Dwarf Rhododendron

About the Care and Maintenance of the Dwarf Rhododendron

The dwarf rhododendron is a less stout version of the regular rhododendron.  It’s a favorite of gardeners with limited space.  Although it’s called a dwarf rhododendron, this plant is no shrimp.  The dwarf rhododendron can grow to be as tall as a professional basketball player is.  If you are planning to grow a rhododendron, you will need to read up on its needs as it is a bit of fussy plant.




Ideal Rhododendron Conditions

When choosing a spot for your dwarf rhododendron, you should consider that its preference for mild conditions.  Find a spot in your garden where it receives good morning sun but where it gets shaded from the harshest sunlight and heat in the afternoon.  If you must choose between these conditions, look for a somewhat shady spot.

Soil conditions also need to be just right.  Find a location where windbreaks will protect your rhodies from the worst that the elements have to offer.  Too much wind or overexposure to hard driving precipitation can weaken or even damage your rhododendron even before it has had the chance to set out its beautiful hues in the spring.  One trick that veteran planters use is to plant lots of rhodies by each other so that they form a unit of mutual protection.

The soil should also be fairly acidic.  A good way of getting this kind of soil is to use compost of the organic variety and to mulch the growing area every other month.  It is especially important to mulch your rhodies as the temperature drops in the cold seasons—especially if you get frosty temperatures.  Because of the sensitivity to cold that some rhodies are prone to experience, many gardeners in cold weather choose to grow their rhodies indoors to avoid watching them die in the winter.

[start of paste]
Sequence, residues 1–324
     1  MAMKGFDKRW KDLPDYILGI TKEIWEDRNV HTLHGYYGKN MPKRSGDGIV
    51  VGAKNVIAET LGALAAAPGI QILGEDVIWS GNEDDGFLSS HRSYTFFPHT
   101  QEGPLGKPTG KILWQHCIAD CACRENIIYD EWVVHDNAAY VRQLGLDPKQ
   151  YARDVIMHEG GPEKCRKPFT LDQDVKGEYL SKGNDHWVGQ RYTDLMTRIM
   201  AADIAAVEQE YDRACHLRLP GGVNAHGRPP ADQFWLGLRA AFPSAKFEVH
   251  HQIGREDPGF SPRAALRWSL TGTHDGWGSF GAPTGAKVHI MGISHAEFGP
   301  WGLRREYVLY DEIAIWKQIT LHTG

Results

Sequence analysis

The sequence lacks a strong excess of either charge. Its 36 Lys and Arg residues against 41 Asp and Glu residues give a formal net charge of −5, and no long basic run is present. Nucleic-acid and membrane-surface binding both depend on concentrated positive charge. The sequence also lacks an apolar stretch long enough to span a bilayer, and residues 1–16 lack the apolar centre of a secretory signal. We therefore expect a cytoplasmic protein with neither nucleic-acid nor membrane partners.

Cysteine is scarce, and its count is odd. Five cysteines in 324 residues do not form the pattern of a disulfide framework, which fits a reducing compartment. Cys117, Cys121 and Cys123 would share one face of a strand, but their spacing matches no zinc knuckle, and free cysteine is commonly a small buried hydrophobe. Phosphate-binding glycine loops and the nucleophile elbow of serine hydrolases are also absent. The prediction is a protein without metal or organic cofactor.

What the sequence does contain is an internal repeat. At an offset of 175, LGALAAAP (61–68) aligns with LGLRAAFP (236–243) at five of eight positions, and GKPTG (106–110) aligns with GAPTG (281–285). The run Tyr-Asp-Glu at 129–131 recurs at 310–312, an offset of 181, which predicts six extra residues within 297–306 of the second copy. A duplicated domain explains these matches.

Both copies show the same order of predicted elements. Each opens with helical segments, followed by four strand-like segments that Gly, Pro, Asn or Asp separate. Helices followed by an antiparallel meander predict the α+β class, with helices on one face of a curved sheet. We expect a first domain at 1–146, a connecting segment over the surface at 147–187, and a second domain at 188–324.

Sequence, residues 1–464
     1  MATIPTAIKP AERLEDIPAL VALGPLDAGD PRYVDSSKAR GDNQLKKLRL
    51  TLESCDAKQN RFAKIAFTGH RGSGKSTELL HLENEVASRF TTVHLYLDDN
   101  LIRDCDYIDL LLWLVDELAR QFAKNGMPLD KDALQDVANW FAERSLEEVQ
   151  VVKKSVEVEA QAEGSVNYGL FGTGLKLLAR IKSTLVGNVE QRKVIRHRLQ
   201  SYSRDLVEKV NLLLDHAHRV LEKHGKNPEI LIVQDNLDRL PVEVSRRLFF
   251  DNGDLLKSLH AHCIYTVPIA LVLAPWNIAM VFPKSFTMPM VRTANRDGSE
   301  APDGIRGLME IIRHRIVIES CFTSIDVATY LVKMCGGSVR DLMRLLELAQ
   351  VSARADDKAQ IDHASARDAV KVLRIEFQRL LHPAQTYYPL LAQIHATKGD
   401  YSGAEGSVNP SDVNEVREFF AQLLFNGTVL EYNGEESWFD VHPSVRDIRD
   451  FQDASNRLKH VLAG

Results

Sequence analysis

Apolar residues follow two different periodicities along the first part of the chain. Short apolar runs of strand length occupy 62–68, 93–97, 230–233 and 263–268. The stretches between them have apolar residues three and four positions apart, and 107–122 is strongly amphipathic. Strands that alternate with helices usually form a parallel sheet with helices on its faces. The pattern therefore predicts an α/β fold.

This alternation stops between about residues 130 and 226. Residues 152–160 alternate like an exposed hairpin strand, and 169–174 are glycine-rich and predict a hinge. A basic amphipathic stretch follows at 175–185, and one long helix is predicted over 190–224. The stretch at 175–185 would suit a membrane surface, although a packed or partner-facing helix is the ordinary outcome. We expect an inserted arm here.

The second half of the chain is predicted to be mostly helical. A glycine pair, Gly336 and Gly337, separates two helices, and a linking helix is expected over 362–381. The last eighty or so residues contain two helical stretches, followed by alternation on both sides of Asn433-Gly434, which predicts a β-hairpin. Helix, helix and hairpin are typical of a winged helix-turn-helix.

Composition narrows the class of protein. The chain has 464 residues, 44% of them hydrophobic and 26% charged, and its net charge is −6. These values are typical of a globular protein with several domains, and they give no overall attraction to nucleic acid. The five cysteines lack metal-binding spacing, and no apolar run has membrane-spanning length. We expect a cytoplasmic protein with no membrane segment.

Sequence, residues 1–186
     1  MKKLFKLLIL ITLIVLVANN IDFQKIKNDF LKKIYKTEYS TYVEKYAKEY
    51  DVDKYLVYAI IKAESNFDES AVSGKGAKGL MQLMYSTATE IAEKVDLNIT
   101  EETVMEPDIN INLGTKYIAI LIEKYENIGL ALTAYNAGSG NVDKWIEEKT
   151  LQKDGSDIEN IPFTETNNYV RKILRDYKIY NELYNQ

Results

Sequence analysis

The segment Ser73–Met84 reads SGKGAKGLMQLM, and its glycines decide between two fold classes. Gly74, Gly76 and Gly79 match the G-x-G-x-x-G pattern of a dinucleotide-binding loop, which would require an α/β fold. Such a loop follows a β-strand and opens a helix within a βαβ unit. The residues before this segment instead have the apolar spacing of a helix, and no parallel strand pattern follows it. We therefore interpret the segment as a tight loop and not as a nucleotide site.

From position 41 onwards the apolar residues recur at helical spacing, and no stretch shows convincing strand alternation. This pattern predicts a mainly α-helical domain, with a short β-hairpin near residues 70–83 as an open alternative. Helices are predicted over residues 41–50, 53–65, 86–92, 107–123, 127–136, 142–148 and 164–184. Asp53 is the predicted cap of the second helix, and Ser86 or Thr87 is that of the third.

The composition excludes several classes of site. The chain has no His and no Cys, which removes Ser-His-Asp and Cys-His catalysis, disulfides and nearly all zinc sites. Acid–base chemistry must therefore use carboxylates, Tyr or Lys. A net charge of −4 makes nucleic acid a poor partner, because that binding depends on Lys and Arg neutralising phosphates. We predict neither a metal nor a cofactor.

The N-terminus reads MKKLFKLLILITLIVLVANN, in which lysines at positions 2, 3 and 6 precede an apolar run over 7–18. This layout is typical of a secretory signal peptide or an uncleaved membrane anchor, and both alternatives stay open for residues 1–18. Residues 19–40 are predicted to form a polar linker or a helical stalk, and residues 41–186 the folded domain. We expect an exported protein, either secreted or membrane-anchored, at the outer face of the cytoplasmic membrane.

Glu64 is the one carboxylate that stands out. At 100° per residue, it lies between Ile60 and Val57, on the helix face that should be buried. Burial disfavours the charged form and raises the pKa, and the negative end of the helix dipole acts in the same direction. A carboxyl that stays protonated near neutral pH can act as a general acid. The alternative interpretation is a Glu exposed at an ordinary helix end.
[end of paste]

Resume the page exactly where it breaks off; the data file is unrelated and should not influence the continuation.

The spot you choose should also be one where the soil takes water well but where water does not pool.  Standing water can drown a dwarf rhododendron or opening up to root rot.  Watering your dwarf rhododendron every day, keeping the roots lightly damp but not waterlogged will keep your rhododendron happy and allow it grow strong and tall for you.

To Fertilize or Not to Fertilize

Deciding whether to fertilize is, of course, a personal decision that often has political implications for many planters.  If you do decide to fertilize you should do so twice a year, once right as you rhodies begin to flower right at spring’s overture and then again at mid summer when the full symphony of colors has already become well established.   

Pruning Your Dwarf Rhododendron

If you want to increase the growth of new buds or if you are just looking to shape your rhododendron patch a bit, then pruning may be in order.  The early warm days of spring are the best time to do your pruning for three reasons.  First, you will begin to get a sense of which new buds will be coming in at this point.  Second, you will be able to identify plants that are in need of concentrating their energies because of lack of health.  Third, spring being the beginning of growing season, your rhodies have not yet started using their full powers, and thus a pruning at this point is most efficacious.

Dwarf Azaleas

Perhaps one of the most beautiful of the dwarf rhododendrons are the dwarf azaleas.  Perhaps only roses provoke more pride in amateur and professional gardeners.  The beauty of such azaleas comes from their wide variety of colors and the wonderful scent that often accompanies their flowering.